A food safari in the desert of Rajasthan reveals a variety difficult to imagine in cities
The terrain is just what we expected: harsh. Sandy soil covers the rocky earth as far as the eye can see. The road that takes us to the interiors of Kolayat tehsil in Bikaner district is flanked by kikar trees (Prosopis julifera) and aak bushes (Calotropis procera). This does not sit well with our story. We are in Rajasthan to find out about the traditional food or desi khana of the region. In the three-day trip, we hope to find out how people, who have occupied the area for centuries, have devised innovative ways to find food in this harsh environment. But kikar is an invasive tree that even goats do not consume and aak is known more as medicine than food.
We enter Godaro ki Dhani in Bhelu village, some 90 km from Bikaner, with some trepidation. Godaro ki Dhani, spread over 80 hectares (ha), is owned by four brothers. One of the brothers, Babu Ram, greets us from a chair where he is busy peeling a small, striated fruit. He is surrounded by charpais (cots) that are covered with the peeled fruit.
The sour fruit, which he calls kaachar (Cucu-mis melo variety callosus), belongs to the melon family. It is used in place of amchoor (dried mango) in the region. Babu Ram sells the dried fruit to traders who powder it and sell it in cities. The powder is called kachri. On our request, he takes us to the fields where the wild kaachar vines grow. We are accompanied by two young family members, Shaitan and Moti. Babu Ram tells us that the plant easily grows in the field as each fruit of kaachar has hundreds of seeds that grow profusely in the next season. This means that just a few fruits are enough for a crop for the next year.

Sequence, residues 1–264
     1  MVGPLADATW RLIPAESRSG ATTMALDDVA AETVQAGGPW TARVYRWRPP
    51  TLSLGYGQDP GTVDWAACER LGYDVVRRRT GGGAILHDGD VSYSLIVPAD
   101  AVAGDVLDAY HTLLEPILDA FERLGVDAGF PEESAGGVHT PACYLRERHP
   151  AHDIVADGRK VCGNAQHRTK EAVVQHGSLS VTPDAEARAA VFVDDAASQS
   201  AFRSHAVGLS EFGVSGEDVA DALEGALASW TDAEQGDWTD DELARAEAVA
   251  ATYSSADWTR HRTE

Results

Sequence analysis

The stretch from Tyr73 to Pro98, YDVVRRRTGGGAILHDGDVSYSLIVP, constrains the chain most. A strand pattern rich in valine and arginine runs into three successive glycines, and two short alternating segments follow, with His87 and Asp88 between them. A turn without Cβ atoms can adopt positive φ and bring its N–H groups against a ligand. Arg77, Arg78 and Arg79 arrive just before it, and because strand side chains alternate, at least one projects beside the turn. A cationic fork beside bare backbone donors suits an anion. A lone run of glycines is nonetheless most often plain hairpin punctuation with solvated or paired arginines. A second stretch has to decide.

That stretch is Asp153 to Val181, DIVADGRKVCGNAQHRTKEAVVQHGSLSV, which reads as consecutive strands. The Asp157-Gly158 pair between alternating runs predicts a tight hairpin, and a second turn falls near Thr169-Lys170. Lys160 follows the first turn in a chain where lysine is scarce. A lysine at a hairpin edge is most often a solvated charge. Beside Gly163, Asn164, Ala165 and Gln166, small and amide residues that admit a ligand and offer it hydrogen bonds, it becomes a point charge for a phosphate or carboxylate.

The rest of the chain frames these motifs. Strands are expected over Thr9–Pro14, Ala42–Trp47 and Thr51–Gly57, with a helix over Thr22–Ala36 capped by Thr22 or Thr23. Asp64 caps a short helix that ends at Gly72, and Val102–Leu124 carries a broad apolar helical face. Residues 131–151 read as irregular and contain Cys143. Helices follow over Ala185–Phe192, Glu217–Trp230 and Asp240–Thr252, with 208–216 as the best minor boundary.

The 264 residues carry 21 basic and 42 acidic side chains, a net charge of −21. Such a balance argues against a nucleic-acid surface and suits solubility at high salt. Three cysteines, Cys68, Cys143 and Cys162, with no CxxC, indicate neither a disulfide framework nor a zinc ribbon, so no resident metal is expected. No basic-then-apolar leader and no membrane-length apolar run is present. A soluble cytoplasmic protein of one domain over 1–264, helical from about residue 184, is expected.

Besides kaachar, the field has succulent kakadiyas (Cucumis melo variety momordica), which Babu Ram offers us while we walk under the sun. Shaitan and Moti hunt down some fruits of wild tinda or tindsi (Praecitrullus fistulosus) for us.
They tell us that the tinda fruit is preserved by cutting and drying. The dried vegetable is normally cooked when there is a shortage of food. The family then takes us to a neighbouring field to show us a kumbat tree (Acacia senegal). The tree, which fruits in summers, has only a few green beans hanging from its spiny branches. The beans are consumed green and its seeds, called kumatiya, are boiled and preserved. There is a bush of bor or ber (Ziziphus mauritiana) right next to this and the ripe red fruits are offered to us.